• January 20 • A CHORUS LINE. This exciting production features the groundbreaking direction and choreography of Michael Bennett. 8. $25 & $35.
  • January 26 • YAMATO – THE DRUMMERS OF JAPAN. Continually challenging themselves to reach greater heights, this spirited performance celebrates the strength, hope, dreams and courage in all of us. Feel the uninterrupted vibration of the beat throughout our bodies. 7. $25 & $35.
  • February 3 • PAUL TAYLOR DANCE COMPANY. Dance maker Paul Taylor is a cultural icon and one of history’s most celebrated artists, hailed as part of the pantheon that created American modern dance. 8. $25 & $35.
  • February 9 • THE MOUNTAINTOP. A gripping reimagination of events that took place the night before the assassination of civil rights leader Martin Luther King, Jr. 8. $25 & $35.
  • February 10 • IT’S DARK OUTSIDE. A heartfelt exploration of dementia told through puppetry, mask, animation and live performance, this award-winning adventure tells the tale of an old man chasing his memories as they escape into the wild. 3 & 7. $15 & $20.
  • February 16 • PEKING ACROBATS. This troupe of elite gymnasts, cyclists, jugglers and acrobats leave audiences breathless, defying gravity with amazing displays of strength, balance, agility, grace and artistry. 7. $25 & $35.
  • February 27 • TAYO ALUKO: CALL MR. ROBESON. One of the 20th Century’s most impressive but overlooked figures is revived in this powerful, compelling tour-de-force performance that takes audiences on a roller-coaster journey through Robeson’s remarkable, eventful life. 1 & 7.
  • March 1 • EVIE LADIN & KEITH TERRY. Original folk songs, and deep interpretations of old songs, with the kinetic thrill of percussive dance. 1 & 7pm. $15.
  • March 9 • TEA FOR THREE: LADY BIRD, PAT & BETTY. An intimate portrait of three remarkable first ladies who suddenly found themselves in the limelight. 2 & 7. $15.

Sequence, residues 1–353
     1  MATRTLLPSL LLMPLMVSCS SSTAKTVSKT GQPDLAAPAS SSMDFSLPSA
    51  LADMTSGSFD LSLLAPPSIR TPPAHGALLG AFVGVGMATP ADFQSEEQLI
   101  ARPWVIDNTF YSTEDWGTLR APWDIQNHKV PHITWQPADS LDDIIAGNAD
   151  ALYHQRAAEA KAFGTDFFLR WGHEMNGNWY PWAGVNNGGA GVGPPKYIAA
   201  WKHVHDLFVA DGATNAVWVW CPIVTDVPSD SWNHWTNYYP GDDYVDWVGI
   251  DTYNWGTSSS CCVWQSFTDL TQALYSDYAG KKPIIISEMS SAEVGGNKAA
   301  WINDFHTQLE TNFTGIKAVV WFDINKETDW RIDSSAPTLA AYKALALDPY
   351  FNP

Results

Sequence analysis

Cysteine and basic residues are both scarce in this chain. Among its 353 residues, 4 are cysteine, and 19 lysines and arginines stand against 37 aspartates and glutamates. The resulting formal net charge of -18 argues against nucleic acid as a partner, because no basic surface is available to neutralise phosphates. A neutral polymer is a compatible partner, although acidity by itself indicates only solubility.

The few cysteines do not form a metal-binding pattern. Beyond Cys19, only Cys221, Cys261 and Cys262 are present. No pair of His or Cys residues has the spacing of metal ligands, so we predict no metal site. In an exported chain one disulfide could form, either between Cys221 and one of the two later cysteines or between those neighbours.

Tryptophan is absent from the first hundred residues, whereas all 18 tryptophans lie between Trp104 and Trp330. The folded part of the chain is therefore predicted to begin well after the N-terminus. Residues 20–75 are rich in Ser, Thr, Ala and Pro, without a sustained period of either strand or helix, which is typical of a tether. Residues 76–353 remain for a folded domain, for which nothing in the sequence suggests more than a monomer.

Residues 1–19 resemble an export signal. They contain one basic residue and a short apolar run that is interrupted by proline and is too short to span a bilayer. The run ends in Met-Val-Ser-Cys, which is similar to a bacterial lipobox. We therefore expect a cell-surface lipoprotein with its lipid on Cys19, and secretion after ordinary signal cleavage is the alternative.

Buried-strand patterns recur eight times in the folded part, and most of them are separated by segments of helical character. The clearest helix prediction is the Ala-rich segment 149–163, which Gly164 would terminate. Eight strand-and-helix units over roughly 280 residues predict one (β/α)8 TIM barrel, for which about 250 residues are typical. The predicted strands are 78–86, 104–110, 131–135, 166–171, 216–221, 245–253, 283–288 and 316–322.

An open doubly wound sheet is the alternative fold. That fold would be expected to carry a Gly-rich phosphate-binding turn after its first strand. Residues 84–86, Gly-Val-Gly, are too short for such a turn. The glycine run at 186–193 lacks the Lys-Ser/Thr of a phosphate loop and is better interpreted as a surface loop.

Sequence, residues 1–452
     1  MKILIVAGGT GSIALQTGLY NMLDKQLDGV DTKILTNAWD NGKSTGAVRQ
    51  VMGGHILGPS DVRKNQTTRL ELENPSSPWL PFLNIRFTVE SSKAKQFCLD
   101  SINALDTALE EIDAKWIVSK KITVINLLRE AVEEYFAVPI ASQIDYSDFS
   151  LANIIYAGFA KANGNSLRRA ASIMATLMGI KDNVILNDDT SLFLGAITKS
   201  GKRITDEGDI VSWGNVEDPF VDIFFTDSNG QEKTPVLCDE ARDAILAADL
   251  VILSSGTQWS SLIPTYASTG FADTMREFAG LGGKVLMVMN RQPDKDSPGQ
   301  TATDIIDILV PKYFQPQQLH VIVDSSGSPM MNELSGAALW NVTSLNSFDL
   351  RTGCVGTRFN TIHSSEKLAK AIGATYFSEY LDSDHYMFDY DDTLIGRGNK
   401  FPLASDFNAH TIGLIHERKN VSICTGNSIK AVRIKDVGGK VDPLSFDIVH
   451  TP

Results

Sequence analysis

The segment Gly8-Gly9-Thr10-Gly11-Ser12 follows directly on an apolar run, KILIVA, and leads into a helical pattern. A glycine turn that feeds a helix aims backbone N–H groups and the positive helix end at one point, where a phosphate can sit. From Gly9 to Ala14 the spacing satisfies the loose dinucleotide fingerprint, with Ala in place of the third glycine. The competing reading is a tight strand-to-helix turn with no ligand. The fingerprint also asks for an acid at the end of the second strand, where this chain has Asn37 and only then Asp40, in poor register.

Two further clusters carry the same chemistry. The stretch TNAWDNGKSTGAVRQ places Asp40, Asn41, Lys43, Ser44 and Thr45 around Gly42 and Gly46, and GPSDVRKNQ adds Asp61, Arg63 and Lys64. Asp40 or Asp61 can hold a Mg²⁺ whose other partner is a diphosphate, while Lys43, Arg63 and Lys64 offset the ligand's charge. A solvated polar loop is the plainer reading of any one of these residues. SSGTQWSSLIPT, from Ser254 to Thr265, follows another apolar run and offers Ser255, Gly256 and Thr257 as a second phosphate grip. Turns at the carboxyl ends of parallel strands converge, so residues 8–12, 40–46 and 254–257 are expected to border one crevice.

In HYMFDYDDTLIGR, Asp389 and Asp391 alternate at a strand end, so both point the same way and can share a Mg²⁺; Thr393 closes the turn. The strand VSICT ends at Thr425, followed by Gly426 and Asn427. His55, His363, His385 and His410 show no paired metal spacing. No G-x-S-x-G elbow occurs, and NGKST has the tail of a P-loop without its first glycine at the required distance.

• March 13 • DOREEN OLIVER: EVERYTHING IS FINE UNTIL IT’S NOT. A funny, heartfelt one-woman show about a workaholic film producer whose life goes off-script. 1 & 7.
  • March 17 • RHYTHM OF THE DANCE. World champion dancers, a traditional Irish band, and the Young Irish Tenors. 2 & 7. $25 & $35.
  • April 10 • IYABA IBO MANDINGO: UNFRAMED. An emotional, powerful, and uplifting self-portrait. 1 & 7.
  • April 12 • MARTIN TAYLOR. Taylor has invented and developed a way of playing the guitar that is admired, and often imitated by guitarists all over the world. 1 & 7pm. $15.
  • April 27 • MACHINE DE CIRQUE. Five guys masterfully handle a teeterboard, juggling clubs, unicycles, drums, and even bath towels 8. $20 & $30.

Nearby accommodations and attractions

  • Lamington River
  • Bobolink Dairy and Bakehouse
  • Artisanal cheeses, wood fired breads, 100% grass-fed beef, whey fed pork, and suckled veal, 100% grass-fed ice cream, pasta made with Emmer wheat and our own free-range eggs, and pesto made with our own basil! Bread and cheesemaking workshops are held on the working farm as well as weekend tours and occasional concerts.

    369 Stamets Road, Milford 08848, 908/86GRASS

  • Duke Farms
  • View historic buildings, elegant bridges, a chain of beautiful man-made lakes, lush meadows, woodlands. waterfalls and ornamental fountains at the historic estate.

    80 Route 206, Hillsborough 08876, 908/722-3700

  • Historic Hunterdon Taverns
  • Made To Order
  • Delightful fantasies beyond words! Gold, Platinum & Silver Jewelry, Wildlife Photos, Crystal, Lighthouses. Perfume Bottles, Santas, Witches Balls, Oil Lamps, Paperweights, Chimes, Art Glass, Wishing Stars. Now featuring Pandora Jewelry.

    44 Main St., Clinton 08809, 908/735-4244

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Comments

Jackie Byleckie
20 Mar 2014, 15:31
I would like to know how I can see the seating for the The Fantasticks on April 13th at 2pm